December 28, 2015
The seemingly never-ending budget impasse in Pennsylvania may be partly resolved Tuesday following a long battle between GOP lawmakers and the state's Democratic governor.
Gov. Tom Wolf is expected to make an announcement on the scaled-back proposal from Republicans that cuts out much of the increased spending for education and social services he had hoped for, sources tell CBSPhilly.
He'll sign some of the plan into law, but is expected to nix other parts of it. More from CBS:
Sources tonight tell Eyewitness News that Governor Tom Wolf expects to sign part of a budget plan that has been on his desk since Christmas Eve.
Wolf will still be looking over the budget throughout the night and is expected to veto parts of it.
The Democrat is considering what to do about an appropriations bill that authorizes hundreds of millions less than what Wolf wanted for schools and social services.
It's important to note that in Pennsylvania, the governor has line-item veto power, which means for any bill that appropriates money he can reject parts of it while approving others.
Those vetoes can be overridden with a two-thirds majority by both the House and the Senate.
Before the Christmas holiday, Republicans sent Wolf a $30.3 billion budget bill in an attempt to end the six-month standoff.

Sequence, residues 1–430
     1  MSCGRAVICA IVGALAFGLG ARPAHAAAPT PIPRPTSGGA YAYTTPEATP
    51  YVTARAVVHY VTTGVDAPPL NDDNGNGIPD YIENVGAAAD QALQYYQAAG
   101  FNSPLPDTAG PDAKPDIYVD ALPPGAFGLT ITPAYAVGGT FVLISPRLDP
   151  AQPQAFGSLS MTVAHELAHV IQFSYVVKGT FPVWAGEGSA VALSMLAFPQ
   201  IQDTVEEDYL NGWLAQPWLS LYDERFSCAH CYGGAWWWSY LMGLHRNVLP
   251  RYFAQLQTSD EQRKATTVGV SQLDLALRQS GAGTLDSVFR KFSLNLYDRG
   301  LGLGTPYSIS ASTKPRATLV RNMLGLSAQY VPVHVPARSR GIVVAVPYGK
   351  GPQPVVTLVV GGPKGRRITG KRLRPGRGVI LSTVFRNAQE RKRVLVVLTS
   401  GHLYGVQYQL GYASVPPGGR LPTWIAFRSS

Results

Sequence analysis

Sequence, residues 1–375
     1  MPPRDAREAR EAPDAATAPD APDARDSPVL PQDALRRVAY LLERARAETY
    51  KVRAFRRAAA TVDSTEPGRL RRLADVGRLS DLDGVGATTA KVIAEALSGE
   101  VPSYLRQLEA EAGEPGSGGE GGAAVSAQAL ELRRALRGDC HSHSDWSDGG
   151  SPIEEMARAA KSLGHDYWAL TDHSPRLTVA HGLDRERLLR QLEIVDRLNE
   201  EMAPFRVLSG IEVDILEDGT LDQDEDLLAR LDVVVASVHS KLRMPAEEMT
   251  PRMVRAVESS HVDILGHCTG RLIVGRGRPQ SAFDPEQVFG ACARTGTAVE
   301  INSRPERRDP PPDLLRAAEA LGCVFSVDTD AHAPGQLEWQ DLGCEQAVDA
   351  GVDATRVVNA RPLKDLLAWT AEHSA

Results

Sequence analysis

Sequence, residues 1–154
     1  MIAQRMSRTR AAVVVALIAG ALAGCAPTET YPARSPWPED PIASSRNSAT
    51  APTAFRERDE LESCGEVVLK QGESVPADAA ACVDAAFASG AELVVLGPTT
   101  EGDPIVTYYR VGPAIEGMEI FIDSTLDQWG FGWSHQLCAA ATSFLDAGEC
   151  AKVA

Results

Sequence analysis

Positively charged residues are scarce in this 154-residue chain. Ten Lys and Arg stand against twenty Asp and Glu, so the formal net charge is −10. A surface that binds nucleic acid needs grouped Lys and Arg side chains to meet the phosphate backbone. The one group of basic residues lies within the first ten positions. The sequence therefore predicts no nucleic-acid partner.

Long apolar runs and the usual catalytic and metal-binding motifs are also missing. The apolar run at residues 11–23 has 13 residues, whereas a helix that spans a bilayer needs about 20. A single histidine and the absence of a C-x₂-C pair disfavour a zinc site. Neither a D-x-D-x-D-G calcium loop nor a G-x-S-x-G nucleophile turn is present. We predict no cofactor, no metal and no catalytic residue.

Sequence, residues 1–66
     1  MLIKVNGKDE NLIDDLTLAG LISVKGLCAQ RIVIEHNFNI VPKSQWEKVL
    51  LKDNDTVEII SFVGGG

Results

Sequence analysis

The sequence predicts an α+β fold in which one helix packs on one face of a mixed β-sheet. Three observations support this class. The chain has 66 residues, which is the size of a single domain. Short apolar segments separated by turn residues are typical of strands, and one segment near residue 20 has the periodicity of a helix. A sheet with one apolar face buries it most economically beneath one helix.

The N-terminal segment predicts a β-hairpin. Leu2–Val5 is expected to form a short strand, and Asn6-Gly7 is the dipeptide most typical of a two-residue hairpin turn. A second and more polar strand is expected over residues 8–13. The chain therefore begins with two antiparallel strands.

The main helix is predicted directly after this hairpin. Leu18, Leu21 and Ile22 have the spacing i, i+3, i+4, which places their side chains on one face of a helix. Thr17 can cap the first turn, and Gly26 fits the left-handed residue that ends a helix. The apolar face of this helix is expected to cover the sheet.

John Hanger, Wolf's secretary of planning and policy, lambasted the plan in a statement Monday, saying it would cut $95 million in funding to Pennsylvania's schools.
"The Republican’s failure to provide school construction funding to local school districts and the commonwealth’s inability to responsibly issue debt will lead to a direct cost to the school districts, which will wipe out any marginal funding increases for local school districts," Hanger said.
Earlier in December, it appeared Senate Republicans and Wolf has agreed on a compromise: the governor still got his $350 million increase for education and Republicans got cuts in taxes and spending from his original plan.
But House Republicans balked, sending everyone back to the drawing board, and a new plan was also shot down after Democrats rejected a pension reform bill.
Wolf's Tuesday announcement is expected to come at 10:30 a.m.